So you've been considering bringing another cat into the family. The difficulty of this action will depend entirely on the cats involved. Some cats will need to be acclimated more slowly than others and there are cats who will wish to remain solitary no matter how carefully you go about introductions. But there are some things you can try to mitigate any potential problems. Keep in mind that cats are highly territorial so have patience.
Ready a room for the new cat prior to bringing him home. Select a guest or spare room where the new cat can be confined and kept away from resident cats. Set up a litter box, clean litter, fresh water and food. Put some toys and catnip in the room as well. This should be a room with a door that closes to ensure no other animals can enter.
Before you bring the new cat into the house make sure that all resident animals are current with their vaccinations. Also have your vet examine the new cat to make sure he is in good health and vaccines up to date.
When you arrive home with the new cat, take him straight into his new room and shut the door. Open the carrier door and let him come out as quickly or as slowly as he wants. Don't try to coax him out or tip the carrier to force him out. You need to let him build trust in you and the environment on his own terms. Allow the cat to get completely comfortable in this room first before expanding his range.
Encourage the cats to play with one another under the door. Most doors have an inch or so gap underneath them. Using a feather or cat toy, entice the cat on the other side of the door to play. Allow them to use their paws to play with each other under the door.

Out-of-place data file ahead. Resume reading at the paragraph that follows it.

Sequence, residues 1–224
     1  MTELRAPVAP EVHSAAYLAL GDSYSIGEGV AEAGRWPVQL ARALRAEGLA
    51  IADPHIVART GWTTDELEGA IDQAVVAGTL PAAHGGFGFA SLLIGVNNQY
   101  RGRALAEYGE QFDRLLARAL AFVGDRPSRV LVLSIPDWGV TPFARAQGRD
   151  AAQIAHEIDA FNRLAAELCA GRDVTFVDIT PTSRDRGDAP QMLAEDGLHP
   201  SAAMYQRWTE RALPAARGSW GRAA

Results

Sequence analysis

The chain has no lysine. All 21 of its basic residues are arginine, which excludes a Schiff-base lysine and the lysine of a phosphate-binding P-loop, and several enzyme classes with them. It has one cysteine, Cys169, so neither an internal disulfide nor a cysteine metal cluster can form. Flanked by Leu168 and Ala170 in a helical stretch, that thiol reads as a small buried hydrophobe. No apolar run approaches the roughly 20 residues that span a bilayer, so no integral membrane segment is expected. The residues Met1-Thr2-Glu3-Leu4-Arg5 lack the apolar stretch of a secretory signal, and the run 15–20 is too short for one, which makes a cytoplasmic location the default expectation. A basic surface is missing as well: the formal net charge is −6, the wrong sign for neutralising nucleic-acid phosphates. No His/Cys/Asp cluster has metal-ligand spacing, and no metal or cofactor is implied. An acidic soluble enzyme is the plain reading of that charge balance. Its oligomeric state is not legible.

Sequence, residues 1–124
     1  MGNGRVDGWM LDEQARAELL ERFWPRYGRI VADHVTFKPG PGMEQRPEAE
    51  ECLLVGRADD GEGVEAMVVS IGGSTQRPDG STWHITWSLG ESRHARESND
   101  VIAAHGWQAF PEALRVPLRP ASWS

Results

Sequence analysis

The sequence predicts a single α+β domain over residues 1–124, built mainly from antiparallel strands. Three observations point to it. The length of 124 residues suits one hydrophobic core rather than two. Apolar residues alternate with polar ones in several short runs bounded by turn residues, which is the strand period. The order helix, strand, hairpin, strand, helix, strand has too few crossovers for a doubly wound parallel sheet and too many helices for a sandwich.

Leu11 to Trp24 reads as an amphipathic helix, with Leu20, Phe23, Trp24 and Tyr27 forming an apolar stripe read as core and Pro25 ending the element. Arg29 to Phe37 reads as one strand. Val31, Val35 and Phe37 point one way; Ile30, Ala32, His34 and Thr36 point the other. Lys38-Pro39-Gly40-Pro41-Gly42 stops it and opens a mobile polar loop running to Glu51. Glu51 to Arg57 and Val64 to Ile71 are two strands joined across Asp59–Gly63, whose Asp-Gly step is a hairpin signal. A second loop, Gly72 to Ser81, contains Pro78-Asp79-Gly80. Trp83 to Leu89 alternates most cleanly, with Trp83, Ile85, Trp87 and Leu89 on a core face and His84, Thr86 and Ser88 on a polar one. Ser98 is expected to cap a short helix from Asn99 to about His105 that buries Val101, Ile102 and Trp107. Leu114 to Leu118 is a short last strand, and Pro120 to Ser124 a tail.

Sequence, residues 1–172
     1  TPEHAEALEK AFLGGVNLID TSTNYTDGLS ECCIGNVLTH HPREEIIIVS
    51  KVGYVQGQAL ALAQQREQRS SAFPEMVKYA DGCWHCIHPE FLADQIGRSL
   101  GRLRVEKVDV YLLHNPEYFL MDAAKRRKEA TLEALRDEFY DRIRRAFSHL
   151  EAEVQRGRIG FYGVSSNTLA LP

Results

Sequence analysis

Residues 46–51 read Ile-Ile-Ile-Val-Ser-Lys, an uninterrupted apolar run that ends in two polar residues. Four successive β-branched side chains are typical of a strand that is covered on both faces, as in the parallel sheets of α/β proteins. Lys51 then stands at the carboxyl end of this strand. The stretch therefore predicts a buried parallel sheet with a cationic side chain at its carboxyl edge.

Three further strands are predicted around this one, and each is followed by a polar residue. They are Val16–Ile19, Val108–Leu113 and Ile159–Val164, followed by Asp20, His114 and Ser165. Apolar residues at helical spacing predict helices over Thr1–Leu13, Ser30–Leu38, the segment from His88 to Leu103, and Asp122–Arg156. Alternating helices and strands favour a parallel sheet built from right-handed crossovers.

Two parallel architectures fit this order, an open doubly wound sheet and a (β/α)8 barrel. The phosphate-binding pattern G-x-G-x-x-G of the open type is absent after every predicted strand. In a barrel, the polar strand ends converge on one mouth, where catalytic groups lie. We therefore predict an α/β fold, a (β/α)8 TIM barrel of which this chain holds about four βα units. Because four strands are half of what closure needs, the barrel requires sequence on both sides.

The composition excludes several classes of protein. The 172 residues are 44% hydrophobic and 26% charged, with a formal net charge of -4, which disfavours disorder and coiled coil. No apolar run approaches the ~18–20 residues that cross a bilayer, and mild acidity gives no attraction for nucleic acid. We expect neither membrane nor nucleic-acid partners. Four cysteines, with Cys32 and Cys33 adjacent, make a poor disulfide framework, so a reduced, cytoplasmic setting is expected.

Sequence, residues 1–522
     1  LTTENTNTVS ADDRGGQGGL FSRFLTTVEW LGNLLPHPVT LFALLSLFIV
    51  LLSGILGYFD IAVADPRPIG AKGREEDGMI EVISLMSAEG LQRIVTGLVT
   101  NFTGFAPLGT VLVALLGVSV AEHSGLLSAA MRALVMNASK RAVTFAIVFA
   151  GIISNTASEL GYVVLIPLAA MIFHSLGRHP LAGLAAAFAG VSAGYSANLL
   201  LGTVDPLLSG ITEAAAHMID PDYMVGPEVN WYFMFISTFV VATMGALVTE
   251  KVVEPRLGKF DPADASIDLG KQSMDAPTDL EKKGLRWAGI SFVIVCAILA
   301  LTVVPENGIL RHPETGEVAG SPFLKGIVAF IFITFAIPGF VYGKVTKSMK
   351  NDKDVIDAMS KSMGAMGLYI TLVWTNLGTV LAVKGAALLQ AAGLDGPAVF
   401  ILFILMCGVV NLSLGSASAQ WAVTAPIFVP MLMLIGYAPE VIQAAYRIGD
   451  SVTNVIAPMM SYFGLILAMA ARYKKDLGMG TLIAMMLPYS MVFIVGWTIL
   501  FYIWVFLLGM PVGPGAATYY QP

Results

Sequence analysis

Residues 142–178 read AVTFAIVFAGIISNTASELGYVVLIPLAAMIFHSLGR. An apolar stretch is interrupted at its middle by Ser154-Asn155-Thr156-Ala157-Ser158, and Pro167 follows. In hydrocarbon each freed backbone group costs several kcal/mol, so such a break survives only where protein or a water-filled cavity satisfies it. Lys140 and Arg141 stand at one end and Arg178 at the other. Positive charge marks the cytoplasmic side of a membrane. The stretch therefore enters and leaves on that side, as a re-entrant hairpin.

Place a towel, cloth or blanket in the bedding area of the new cat and vice versa with your cat already in residence. The purpose of this is to get the scent of each cat onto the item. Around the third day switch the cloths. Place the resident cat's cloth inside the room with the new cat and vice versa. This will allow each cat to start getting used to the scent of the other cat prior to their meeting.
On the third day, shut your resident cat (and any other animals) into a room and open the door to the new cat's room. Just leave the door open for an hour or two and let him emerge on his own time. Do this every day gradually increasing his time out. When you believe the cat has adjusted to the primary areas of the house, thus gaining a sense of security, it is time for introductions to begin.
Introduce the cats to on another. The introduction should take place in a room that is comfortable and familiar to both cats. If you need to introduce the new cat to more than one cat, do so one at a time. Provide the new cat with an escape route or hiding place, such as an upended cardboard box with a hole cut in it.
Bring both cats into the room and set them down in sight of each other. Do not intervene unless they start hissing and growling at each other. In that case, remove the new cat to his room and try again the next day. If the hissing persists after a couple of attempts you may have to place the new cat in a crate or vertical cat condo.
If using a cat crate or vertical cat condo, place it in a high traffic area where the new cat will be safe inside but the other cats cannot get at him. He will feel safe and be able to watch the daily comings and goings of the household to become accustomed to the daily routine and the resident animals. Over time, you can let the new cat out and only use the cat condo in the event of an attempted cat fight or when you are not home to supervise.